By BEERMAG —
There is nothing more satisfying than a nice, cold beer to quench your thirst after mowing the lawn or riding your bike. In ancient times, it was safer to drink beer than water, but the beer back then was much lower in alcohol. Most beers today are above 5% ABV, making them questionable in regard to hydration.
Beer is made up of water, barley, hops, and yeast. All of these natural ingredients are healthy sources of carbohydrates, fat, protein, fiber, vitamins, and minerals, and they also contain electrolytes and phyto-nutrients. The fermentation process also has a positive effect on these ingredients by promoting increased bioavailability and enzymatic activity. This essentially means that the brewing ingredients are changed to a form that makes them readily absorbed and usable by the body.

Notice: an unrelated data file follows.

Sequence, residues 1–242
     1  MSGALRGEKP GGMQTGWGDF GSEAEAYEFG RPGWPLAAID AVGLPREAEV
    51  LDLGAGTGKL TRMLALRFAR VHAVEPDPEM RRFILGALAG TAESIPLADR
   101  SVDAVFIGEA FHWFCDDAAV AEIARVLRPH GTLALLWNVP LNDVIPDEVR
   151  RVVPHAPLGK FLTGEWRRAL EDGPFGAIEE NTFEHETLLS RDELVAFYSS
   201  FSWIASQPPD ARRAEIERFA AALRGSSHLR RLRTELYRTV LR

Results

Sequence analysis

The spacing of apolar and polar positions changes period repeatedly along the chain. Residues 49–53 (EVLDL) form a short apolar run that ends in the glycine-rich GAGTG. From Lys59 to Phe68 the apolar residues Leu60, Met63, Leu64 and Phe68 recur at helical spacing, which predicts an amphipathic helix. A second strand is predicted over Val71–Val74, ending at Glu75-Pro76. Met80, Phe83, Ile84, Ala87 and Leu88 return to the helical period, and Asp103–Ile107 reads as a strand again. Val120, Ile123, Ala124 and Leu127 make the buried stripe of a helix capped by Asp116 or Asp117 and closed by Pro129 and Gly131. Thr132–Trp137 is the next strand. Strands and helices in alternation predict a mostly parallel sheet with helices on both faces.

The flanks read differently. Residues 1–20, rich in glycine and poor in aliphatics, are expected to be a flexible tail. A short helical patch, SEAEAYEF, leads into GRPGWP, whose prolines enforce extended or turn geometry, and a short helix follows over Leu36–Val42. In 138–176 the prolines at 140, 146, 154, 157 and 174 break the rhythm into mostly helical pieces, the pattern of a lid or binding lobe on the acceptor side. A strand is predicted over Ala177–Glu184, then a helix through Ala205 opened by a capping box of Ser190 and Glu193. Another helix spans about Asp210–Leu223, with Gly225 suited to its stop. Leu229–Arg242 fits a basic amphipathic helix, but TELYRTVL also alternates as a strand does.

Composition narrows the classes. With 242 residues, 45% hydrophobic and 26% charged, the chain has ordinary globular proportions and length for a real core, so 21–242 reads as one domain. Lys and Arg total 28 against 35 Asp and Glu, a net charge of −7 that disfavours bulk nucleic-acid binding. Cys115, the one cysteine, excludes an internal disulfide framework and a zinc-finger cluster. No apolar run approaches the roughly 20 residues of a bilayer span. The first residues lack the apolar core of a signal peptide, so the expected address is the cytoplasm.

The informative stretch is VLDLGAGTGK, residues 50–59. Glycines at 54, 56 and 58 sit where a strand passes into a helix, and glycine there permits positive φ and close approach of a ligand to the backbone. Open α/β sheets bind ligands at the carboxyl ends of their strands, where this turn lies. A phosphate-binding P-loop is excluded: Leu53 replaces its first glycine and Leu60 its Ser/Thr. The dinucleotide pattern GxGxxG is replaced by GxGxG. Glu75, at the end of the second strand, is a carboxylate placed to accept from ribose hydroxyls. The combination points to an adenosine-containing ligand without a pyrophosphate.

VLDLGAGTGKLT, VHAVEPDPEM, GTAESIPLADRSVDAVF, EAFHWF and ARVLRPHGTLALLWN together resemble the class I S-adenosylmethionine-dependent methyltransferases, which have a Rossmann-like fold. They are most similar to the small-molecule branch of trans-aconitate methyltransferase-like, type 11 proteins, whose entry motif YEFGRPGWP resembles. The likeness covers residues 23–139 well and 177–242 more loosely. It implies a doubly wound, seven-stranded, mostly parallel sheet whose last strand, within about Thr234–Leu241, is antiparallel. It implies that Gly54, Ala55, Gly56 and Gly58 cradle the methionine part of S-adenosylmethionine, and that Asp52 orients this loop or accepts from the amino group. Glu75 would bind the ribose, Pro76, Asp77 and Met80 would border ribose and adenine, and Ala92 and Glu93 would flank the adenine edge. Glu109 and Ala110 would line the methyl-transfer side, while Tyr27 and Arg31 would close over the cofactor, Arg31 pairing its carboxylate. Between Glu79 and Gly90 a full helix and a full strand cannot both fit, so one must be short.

A study published in The Journal of Applied Physiology explored the hydrating quality of alcohol after exercise-induced dehydration. In the study, 2.2 liters of an alcohol-free beer, along with a 1, 2, and 4% ABV beer, were consumed across the study. The study suggests that beverages with low alcohol concentrations have “a negligible diuretic effect” when consumed in a state of exercise-induced dehydration, meaning that hydrating with water or a low-alcohol beer (~2% ABV) is effectively the same. They also found that a 4% ABV beer had the same hydrating qualities but just took longer to achieve the same results. That’s good news considering you won’t find too many 2% beers.
So the next time you’ve worked your way into a sweat, go ahead and grab yourself a cold session beer and hydrate yourself.